Acts 1:3 “Jesus presented Himself alive after His suffering by many infallible proofs.”
The Resurrection of Jesus Christ is one of if not the greatest historical events that can be demonstrated as true based on the evidence. So far, we have examined 16 independent pieces of evidence over the past year for the Resurrection, from the empty tomb to the transformations of several of Jesus’s followers. But one of the most compelling pieces of evidence is now examined: the early church’s commitment to Apologetics.
Our English word “apologetics” comes from the Greek word “apologia” which means “defense.” In his first epistle to the early church, Peter emphasizes the importance of apologetics: “Sanctify the Lord God in your hearts, and always be ready to give a defense (apologian) to everyone who asks you a reason for the hope that is in you, with meekness and fear” (1 Peter 3:15). People are going to ask you why you follow Jesus Christ as your Lord and Savior – Peter admonishes all believers to equip themselves with reasons.
In his second letter to the early church in Corinth, Paul adds to Peter’s need for apologetics but stressing that the culture will have many false claims against Christianity that, if we as Christians are not prepared, can influence others to reject Christ: “The weapons of our warfare are not of the flesh but mighty in God for pulling down strongholds, destroying arguments and every proud thing that exalts itself against the knowledge of God, taking every thought captive to obey Christ” (2 Corinthians 10:4-5).
The early church expected Christians to ground their lives upon Truth that is logically defended, not on the false claims of the day that were naively accepted or emotionally driven. Sounds familiar, doesn’t it? Here we are, over 2,000 years later, being told many lies that draw people away from Christ: 1) Christians are bigots, 2) racism is everywhere, 3) men and women are biologically the same, 4) objective truth does not exist.
The early church, emphasizing that Christians must be able to defend their faith, grounded this defense in a commitment to the apologetic for the Resurrection. In this article, we’ll look at specifically at Luke.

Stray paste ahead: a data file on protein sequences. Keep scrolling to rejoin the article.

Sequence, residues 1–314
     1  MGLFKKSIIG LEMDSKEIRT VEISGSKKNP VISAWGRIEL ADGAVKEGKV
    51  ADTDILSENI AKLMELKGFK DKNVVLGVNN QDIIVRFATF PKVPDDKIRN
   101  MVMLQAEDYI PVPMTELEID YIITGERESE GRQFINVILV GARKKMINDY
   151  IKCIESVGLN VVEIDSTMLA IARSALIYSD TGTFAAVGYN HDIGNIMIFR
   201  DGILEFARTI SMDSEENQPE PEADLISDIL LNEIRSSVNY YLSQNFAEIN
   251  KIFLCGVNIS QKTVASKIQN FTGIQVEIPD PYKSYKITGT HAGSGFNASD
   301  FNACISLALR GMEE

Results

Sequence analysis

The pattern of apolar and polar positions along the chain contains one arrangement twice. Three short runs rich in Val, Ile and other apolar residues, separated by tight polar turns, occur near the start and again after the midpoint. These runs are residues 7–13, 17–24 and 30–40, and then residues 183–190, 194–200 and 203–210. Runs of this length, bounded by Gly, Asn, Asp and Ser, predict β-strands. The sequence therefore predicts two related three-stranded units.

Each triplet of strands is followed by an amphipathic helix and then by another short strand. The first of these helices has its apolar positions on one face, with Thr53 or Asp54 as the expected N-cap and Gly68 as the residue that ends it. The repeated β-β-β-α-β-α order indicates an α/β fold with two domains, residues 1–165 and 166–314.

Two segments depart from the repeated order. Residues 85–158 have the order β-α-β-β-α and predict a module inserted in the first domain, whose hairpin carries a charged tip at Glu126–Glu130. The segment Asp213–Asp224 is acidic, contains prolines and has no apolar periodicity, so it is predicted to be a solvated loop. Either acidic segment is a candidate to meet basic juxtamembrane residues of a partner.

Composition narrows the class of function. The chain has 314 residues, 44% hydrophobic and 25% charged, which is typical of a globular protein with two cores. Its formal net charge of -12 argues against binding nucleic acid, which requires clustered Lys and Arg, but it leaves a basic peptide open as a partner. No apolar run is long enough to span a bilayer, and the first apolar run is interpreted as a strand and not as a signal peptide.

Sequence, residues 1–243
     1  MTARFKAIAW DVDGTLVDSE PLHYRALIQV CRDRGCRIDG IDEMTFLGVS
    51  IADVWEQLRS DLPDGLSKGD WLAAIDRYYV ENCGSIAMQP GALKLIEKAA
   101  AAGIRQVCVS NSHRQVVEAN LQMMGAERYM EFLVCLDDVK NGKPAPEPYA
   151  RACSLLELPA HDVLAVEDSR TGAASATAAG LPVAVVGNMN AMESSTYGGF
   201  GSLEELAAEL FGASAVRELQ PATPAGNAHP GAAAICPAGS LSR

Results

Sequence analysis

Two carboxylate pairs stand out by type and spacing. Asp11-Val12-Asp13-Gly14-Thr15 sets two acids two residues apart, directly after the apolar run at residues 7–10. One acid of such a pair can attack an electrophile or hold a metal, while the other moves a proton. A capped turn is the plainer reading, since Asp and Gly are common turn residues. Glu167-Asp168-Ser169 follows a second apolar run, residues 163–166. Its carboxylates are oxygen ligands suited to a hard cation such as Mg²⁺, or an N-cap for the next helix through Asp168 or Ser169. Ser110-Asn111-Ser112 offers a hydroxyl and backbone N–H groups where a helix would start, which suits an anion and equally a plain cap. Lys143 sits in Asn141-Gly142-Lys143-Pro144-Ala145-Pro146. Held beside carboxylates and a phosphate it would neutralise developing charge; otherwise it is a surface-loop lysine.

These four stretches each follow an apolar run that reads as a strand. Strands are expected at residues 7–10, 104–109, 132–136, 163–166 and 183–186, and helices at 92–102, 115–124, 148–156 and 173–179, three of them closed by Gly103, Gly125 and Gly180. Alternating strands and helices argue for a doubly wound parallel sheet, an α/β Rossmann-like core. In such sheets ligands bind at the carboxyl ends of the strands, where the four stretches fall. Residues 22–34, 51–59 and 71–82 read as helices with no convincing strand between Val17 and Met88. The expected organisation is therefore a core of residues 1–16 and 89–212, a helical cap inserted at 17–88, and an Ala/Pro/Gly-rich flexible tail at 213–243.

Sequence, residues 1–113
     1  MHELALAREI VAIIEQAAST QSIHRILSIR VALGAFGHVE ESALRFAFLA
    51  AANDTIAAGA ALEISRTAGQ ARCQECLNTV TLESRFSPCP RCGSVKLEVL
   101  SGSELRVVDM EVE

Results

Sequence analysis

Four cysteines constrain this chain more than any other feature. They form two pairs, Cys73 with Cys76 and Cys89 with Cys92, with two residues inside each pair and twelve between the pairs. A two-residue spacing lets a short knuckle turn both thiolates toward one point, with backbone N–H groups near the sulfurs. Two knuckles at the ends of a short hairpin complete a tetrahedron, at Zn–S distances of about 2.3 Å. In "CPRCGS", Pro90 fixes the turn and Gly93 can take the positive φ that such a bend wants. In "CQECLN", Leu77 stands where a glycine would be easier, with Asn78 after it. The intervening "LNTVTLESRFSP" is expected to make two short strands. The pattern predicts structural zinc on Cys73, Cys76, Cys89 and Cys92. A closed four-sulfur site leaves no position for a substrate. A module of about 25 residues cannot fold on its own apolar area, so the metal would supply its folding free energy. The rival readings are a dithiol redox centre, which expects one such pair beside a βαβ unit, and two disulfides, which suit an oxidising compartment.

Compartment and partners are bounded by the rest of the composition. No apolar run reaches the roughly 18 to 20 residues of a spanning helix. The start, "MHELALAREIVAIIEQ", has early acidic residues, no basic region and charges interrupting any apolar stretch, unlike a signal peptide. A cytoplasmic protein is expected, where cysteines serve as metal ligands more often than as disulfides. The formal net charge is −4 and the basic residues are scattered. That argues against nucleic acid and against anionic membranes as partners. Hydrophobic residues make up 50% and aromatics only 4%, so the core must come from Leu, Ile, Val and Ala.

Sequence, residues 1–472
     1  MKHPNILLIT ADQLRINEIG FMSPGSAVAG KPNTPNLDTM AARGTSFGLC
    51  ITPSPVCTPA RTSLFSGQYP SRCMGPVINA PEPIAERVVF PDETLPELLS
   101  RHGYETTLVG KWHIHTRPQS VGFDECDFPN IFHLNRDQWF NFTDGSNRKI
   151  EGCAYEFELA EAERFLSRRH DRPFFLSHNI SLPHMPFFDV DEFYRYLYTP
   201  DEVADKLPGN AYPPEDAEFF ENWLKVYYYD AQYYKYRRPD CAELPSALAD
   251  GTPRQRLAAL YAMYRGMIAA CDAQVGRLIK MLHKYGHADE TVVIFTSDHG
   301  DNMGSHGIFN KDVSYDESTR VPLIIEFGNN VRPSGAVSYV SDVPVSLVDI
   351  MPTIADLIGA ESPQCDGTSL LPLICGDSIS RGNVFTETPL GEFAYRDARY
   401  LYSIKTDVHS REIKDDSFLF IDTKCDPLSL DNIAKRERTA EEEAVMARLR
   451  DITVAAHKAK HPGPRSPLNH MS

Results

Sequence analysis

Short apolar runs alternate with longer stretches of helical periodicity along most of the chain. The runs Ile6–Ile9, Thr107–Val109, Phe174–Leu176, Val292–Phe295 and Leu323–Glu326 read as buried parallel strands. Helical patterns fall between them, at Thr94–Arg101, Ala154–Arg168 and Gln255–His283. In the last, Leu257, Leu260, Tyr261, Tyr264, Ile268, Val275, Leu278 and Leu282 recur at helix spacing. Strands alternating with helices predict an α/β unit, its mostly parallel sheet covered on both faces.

Luke was a physician and the author of Acts. This week’s verse comes from the very opening of Acts, which is an apologetic for the resurrection. In Acts 1:1, Luke refers to his other book – the Gospel of Luke – saying he had already written down what Jesus did and taught. Luke’s Gospel was also as an apologetic – for the deity of Christ: “It seemed good to me also, having accurately followed all things from the very first, to write an orderly account… so that you may know the certainty of those things in which you were instructed” (Luke 1:3-4). God wants all Christians, whether in 50AD or 2023 AD, to know what the believe and why they believe it.
But in Acts 1:2-3, Luke focuses on the Resurrection of Jesus Christ. Eric Lyons, in his article ‘Apologetics and the Growth of the Early Church’, explains Luke’s method this way: “How did Luke convey the resurrection of Christ? Was it merely an unverifiable “hope” that he communicated? Did he make an emotionally based appeal using flowery words? Not at all. From the very outset, Luke set an apologetic tone for the book of Acts.”
Luke records that “Jesus presented Himself alive after His suffering by many infallible proofs” (Acts 1:3). The Greek word “presented Himself” (parestasen) means, as Eric says, “Jesus’ dead body was not stolen and buried elsewhere. He did not just escape the tomb to leave everyone in doubt about a possible resurrection. Over 40 days, Jesus repeatedly presented Himself alive to the apostles, offering ‘many infallible proofs.’”
Scholars explain Luke’s use of the Greek “many proofs” (pollois tekmanriois) as “what causes something to be known in a convincing and decisive manner.” Luke was saying the Resurrection should not be something you just believe as a Christian. it is an historical event to convince you of the deity and majesty of Jesus Christ.
Eric Lyons then examines these ‘many infallible proofs’: “During the 40 days that Jesus was on Earth after His resurrection and prior to His ascension, He appeared to several individuals at different times, including on one occasion to more than 500 disciples (1 Corinthians 15:5-8).
When He appeared to the apostles, He showed them His pierced hands and feet, challenging them to ‘handle’ Him in order to ‘see’ that He was not a mere spirit, ‘for a spirit does not have flesh and bones’ as Jesus had (Luke 24:39). As further physical proof of His bodily resurrection, Jesus ate with the apostles (Luke 24:41-43).
Lastly, Jesus Himself taught them the Scriptures (Luke 24:44-49). Indeed, as Luke testified, Jesus gave an apologia – He ‘presented Himself alive after his suffering by many proofs’ (Acts 1:3).” The Resurrection of Jesus Christ can be defended to your friends as a true, historical event that is your anchor for your hope.
“The Evidence of Faith’s Substance” _ Article #547